Why did the author name the story "A Rose for Emily"?

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kwoo1213's profile pic

Posted on (Answer #1)

The rose in the title could be the narrator's (or author's) way of issuing a tribute to Miss Emily.  The narrator seems to have sympathy for the narrator and never speaks badly of her.  He (I'm assuming the narrator is a "he") only conveys what the townspeople say and think of her, for example. The reader can sense, through the narrator's writing style and diction,some sympathy for Miss Emily.  Because the narrator discusses some of her background and how her father isolated her so much, the reader can find sympathy for her, too.  

engtchr5's profile pic

Posted on (Answer #2)

Symbolically speaking, roses have had many meanings in literature throughout the years: Love, Beauty, Temporal Perfection, and other meanings have all been assigned to this flower. In this case, however, the "rose" which the narrator is offering is one of tribute, much like one placed atop a gravesite or a casket. Obviously, the flower is strictly metaphorical, but it is put forth with the notion that he is paying respects to Emily, nearly identical to "paying one's respects" at a ceremony related to death (funeral, memorial service, etc.). In addition, it could be perceived that the type of respect he is showing is near-amorous, like that of a schoolboy offering his "crush" a single picked flower. Either metaphor is supportable through the text, and it remains up to the reader to decide which is most appropriate.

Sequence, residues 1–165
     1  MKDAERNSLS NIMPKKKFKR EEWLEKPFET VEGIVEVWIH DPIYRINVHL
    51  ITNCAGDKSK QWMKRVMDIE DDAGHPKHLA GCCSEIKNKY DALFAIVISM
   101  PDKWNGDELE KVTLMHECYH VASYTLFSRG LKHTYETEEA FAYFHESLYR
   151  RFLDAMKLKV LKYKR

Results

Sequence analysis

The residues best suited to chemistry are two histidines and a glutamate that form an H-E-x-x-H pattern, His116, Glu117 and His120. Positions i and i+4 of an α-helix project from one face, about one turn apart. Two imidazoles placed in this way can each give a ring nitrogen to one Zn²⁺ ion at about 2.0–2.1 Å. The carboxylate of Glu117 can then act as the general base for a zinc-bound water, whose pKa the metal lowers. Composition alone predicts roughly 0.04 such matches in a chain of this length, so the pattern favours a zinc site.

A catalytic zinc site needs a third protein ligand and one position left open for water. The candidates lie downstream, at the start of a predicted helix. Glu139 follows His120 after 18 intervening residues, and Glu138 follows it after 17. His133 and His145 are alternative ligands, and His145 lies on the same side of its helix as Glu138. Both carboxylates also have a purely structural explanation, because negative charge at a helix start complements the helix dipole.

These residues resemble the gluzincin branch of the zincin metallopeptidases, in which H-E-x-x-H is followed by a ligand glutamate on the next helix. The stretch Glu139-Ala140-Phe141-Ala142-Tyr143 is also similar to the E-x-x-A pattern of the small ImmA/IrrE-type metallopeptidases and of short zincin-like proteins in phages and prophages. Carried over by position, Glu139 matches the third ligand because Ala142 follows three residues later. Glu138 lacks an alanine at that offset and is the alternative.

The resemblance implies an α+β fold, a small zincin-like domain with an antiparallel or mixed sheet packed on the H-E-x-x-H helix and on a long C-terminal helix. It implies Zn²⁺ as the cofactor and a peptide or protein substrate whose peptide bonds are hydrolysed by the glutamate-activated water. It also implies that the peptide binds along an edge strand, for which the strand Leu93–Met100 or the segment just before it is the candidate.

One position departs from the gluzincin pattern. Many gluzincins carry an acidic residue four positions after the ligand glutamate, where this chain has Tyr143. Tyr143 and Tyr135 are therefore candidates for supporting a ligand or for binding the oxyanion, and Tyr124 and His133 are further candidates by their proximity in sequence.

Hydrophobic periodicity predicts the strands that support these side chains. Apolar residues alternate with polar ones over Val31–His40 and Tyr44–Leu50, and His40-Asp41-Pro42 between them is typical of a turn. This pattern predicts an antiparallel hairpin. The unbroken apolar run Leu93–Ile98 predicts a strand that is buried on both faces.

texbell's profile pic

Posted on (Answer #3)

The rose is this remarkable story is not an image, a tribute or any other symbolism normally attributed to the "giving of a rose". In fact, the rose is Miss Emily herself, "the faded rose of days gone by," (from Tanya Tucker's hit 'Delta Dawn'). Miss Emily's inability to step out of the expectations of aristocracy into which she was born and to acknowledge change has caused her to fade into insanity. She could not accept the death of her father, and clung to her portrait of him even after giving up his body. She could not accept the novelty of a "free postal delivery" or of her need, in the new world order, to pay her taxes. And above all, she could not accept the fact that Homer Barron would not marry her, after escorting her publicly through town. She could not accept renewal, and so she faded into a world of insanity in which all things would ever be the same. A faded rose of days gone by...

vlad3251988's profile pic

Posted on (Answer #4)

the title symbolizes internal love

myboner4u's profile pic

Posted on (Answer #5)

i think this is like saying a "tribute" for emily. in the story, the narrator seems to have this deep empathy to the fate of emily. there is a deep understanding of the situation that she faced or grew up with. in this sense, it clearly showed that despite of the attitude the emily portrayed and the crime she had committed, the narrator seemed to acknowledge the woman inside her facade. so the rose only symbolizes respect for emily.

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